Happy Easter friends! Let us be glad and rejoice. Alleluia! Today is the Feast of Feasts! The day when the Lord has triumphed over the death showing that it is not the final word. Life is stronger. Love is stronger.
Through the resurrection Jesus Christ has radically transformed our life and redeemed our human nature, freeing us from darkness and offering us the radiant joy of light because He is the Lord of Life!
Passion, death, resurrection….all acts out of love.
This entire story narrated by the evangelist John (who witnessed all) is out of love.
Mary Magdalene goes to the sepulcher because she can’t bear the tragedy and she returns to Jesus as an extreme act of human love. She goes in search of Him in one way and finds Him in another way…a way that would completely change her spirit. Is this not the usual way we always meet Jesus in our life? We look for Him in one way and we find Him in another way.
God always surprises us because the only thing he strongly wants is our goodness and salvation. He perfectly knows when and how. He takes our old heart and surprises us with newness. But newness can be scary. When things are unexpected and we don’t understand, we don’t know what to do.
Sometimes we even prefer to remain (or to return) in our darkness, in our burial clothes, all wrapped up in our daily concerns, because we are afraid of newness.
The reaction of the Apostles is reasonable. Let’s think for a moment about the impact of the resurrection story in their hearts that very first Easter day. After Jesus’ death they were scared and desperate. Only the Magdalene returned to the sepulcher because her love was a stubborn one! Let’s put ourselves in the scene…what would have we done? Would have we behaved like the Magdalene? Would have we ran like Peter and John after Magdalene brought them the news?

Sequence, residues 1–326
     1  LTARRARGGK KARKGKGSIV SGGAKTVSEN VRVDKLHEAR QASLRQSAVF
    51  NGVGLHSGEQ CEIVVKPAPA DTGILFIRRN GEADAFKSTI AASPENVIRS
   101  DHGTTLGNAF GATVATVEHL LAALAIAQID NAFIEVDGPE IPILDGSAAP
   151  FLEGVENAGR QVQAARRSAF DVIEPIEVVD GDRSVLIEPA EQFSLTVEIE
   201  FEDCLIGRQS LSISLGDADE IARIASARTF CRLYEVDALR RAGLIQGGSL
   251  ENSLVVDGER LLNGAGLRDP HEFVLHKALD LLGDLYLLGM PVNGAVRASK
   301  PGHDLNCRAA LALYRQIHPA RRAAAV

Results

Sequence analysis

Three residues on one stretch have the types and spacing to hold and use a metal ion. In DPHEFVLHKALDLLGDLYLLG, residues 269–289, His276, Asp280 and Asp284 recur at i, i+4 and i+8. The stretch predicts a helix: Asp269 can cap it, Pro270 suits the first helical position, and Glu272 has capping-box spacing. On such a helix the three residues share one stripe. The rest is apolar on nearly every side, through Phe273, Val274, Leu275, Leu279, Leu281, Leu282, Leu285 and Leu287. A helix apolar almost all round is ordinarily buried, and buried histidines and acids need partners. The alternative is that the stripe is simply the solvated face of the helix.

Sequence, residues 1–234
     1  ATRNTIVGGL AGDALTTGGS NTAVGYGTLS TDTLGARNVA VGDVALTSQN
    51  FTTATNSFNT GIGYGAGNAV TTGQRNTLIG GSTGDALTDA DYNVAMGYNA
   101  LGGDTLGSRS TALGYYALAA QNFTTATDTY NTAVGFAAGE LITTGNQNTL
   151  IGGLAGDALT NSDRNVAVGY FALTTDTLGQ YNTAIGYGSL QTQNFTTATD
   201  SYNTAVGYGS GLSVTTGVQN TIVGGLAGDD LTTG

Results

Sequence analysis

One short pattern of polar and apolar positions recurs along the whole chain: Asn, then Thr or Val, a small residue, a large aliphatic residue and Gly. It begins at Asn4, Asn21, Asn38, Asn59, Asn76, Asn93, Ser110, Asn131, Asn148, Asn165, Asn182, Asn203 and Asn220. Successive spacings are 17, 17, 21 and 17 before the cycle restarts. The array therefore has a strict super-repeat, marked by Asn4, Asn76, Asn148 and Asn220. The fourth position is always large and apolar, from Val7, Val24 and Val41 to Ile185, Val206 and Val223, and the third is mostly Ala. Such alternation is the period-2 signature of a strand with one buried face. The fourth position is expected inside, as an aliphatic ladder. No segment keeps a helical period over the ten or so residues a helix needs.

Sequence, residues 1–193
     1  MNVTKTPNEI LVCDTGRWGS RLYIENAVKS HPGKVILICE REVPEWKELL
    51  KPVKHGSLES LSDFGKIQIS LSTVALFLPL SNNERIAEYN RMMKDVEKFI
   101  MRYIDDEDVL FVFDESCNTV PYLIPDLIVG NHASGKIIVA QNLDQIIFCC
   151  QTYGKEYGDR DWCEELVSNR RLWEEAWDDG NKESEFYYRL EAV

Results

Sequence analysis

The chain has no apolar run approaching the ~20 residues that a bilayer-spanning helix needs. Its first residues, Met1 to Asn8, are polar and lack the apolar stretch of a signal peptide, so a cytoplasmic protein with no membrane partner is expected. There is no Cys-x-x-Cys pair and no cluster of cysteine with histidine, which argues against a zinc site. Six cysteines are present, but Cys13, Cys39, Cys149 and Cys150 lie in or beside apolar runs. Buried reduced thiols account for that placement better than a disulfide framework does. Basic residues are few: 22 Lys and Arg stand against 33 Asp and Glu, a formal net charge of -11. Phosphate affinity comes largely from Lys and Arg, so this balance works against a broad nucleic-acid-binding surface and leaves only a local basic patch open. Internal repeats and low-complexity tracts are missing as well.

Yes. I am sure each of us would have moved, and very fast too!
After finishing reading this post, return for a second time to the Gospel and try to focus your attention on how many times verbs of movement are evoked in the text.
“Mary RAN and WENT to Simon Peter and the other disciple”… “They both RAN and one RAN faster” and then “They CAME …WENT….ARRIVED….”. In 21 lines we can count 12 times a verb of movement.
Yes because once their life (our life) has been changed from such a radical impact, they (we) cannot remain still. Maybe each of us could have a different reaction just because we have different temperaments: someone could be prompt and fast as John, some other could be slow and astonished, like Peter, someone could be sweet and devoted, like Mary. Each one with a different spiritual gift but all moved by the same anxiety to look for and find Jesus, the living God.
So, it is just when we can consider ourselves only technically alive ( since our spirit is dead) that we have to roll away the stones of the tombs of our minds and run to embrace the brightness of the promised Easter Joy.
We are the Church, Jesus strongly desires us to continue His mission. So let’s move brothers and run to announce the good news. Buona Pasqua!